Risk

Risk Taking for Leaders: Smart Strategy or Perilous Planning?

“If you’re going to grow, you’re going to have to do things that put you at Risk.”
-Ginni Rometty, former Chairman, President and Chief Executive Officer of IBM

Taking risks implies making decisions that pose potential threats.

Not acting can be risky, too. Especially in leadership.

Yet risk taking is not something many folks are generally comfortable with.

As Daniel Kahneman, a Nobel Prize winning psychologist stated, “For most people, the fear of losing $100 is more intense than the hope of gaining $150.”

Understood.

High achieving, impactful business leaders are willing to take risks – and often, their careers boast of big wins. If there were losses at times, those “failures” often provide a framework for valuable learning lessons.

So how do we successfully approach risk as leaders?

Begin With More Conscious Leadership

Knowing our personal “why” is key to our own personal – and professional – development. It’s surprising that many people go through the motions of each day (focusing on the “what” – and usually the “what” of other people, as they perceive it) without truly having an understanding of their own “why” behind what they’re doing.

When we know our unique ‘why,’ we’re better able to lead. Our teams will follow not just because we’re “the boss”, but because they want to out of sense of shared values and beliefs.

When you and your team are grounded in your ‘why’ and you’re working on the same page, challenges turn into opportunities, and gradually an attitude of courage develops in a leader – and risk taking becomes part of the agenda.

Bill George, writing in Forbes, explains leaders with courage take risks that often go against the norm of their organization. In other words, they’re not afraid to make bold moves in the name of their purpose and values. He says courage is “the quality of mind or spirit that enables a person to face difficulty, danger, pain, etc., without fear.”

Some leaders lack courage, George notes, because they’re too focused on numbers or reaching a particular mark or milestone. Leaders with courage forge ahead boldly – despite the risks. They are conscious of and grounded in their abilities, skills, and values.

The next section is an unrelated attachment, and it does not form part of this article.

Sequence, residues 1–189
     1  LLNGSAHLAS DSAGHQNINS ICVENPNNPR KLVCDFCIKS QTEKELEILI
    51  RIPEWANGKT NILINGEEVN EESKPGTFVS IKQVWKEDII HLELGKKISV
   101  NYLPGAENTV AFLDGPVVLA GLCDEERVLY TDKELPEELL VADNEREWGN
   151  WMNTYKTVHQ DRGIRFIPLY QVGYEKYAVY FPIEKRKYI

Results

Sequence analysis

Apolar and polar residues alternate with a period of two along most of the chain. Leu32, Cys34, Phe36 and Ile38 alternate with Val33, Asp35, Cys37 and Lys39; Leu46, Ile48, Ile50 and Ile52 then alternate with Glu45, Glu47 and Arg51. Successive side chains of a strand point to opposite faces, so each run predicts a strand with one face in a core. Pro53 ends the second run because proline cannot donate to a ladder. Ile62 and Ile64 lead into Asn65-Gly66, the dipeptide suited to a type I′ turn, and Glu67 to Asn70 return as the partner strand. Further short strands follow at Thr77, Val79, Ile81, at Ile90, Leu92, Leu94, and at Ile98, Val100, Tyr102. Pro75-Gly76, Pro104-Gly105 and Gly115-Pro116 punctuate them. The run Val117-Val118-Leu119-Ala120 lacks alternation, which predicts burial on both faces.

Risk Taking: Is it For Every Leader?

Don Kurz, DEO of Omelet, a successful ad agency, says risk is a business strategy that ultimately is served by asking one question: will it enhance the brand and the value of the company?

Risk taking isn’t for everyone, he explains. While it can be a source of innovation, it can be a difficult step for startup companies. Without performing risk assessments, the unknown holds many back from stepping outside their comfort (or financial) zone.

A Harvard Business Review article notes that risk assessments are generally not conducted; a project is simply presented to managers with projections. The authors suggest a handful of assessments be done to fully understand the risks involved.

Risk Assessment Plays a Role

Srini Pillay in HBR offers a counterpoint, suggesting that risk assessment is based on other issues besides just financial ones, such as:

  • Understanding how our brains handle risk, whether unconscious or conscious. Studies reveal that impulsive, social, or aggressive people may be more likely to take risks.
  • Realizing risks can be a good and very fruitful experience. Contrary to what some people think, taking risks doesn’t carry negative or “scary” connotations.
  • What about failures, shortcomings, disappointments? Valuable lessons can be learned from them that often serve as a springboard to greater fulfillment later on.

How we bounce back from failure depends on our resiliency. Pillay uses specific tools to measure burnout and how it may affect resiliency.

His points are well taken: As much as each of us longs for a pre-pandemic world and hope for a return to a so-called normal, it cannot be. Just as people learned to live outside the box, so too, businesses need to look for more innovative and progressive business methods.

Risk assessments can provide the data needed and skills to be honed to overcome aversion to risk taking. Ultimately, it is up to each leader to calculate the risks … and make choices accordingly.

Authentic Leaders Navigate Stormy Seas

All the strategic characteristics of a great leader provide a firm base when it comes to taking risks:

  • Courage. Letting our authenticity shine, being willing to show vulnerability, takes courage. To take the road less traveled – even amidst self-doubt and nay-sayers – takes courage.
  • Vision. Focusing on our intentions, keeping true to ourselves, our inner values, who we are at our core. It’s all about being present now. Lead your team with intention, with acceptance, not with authority, know the impact of your words. Ensure you and your employees are co-creating the same “why,” the same purpose
  • Focus on the “we.” Not the “me.” Conscious leadership can be a foundation in cultivating conscious organizations.
  • Encourage feedback and LISTEN. This helps us see the “bigger picture” rather than just our own (often narrow) visions.

There isn’t a one-size-fits-all approach to risk taking.

For grounded leaders with vision, who share the same goals with their teams and are valued by their teams, risk taking can be a successful leadership strategy.

“Make the choices that make you nervous.
If you make the choice that’s the easy way out, that wasn’t the big vision or big choice to make.”
-Eileen Burbidge; Partner, Passion Capital

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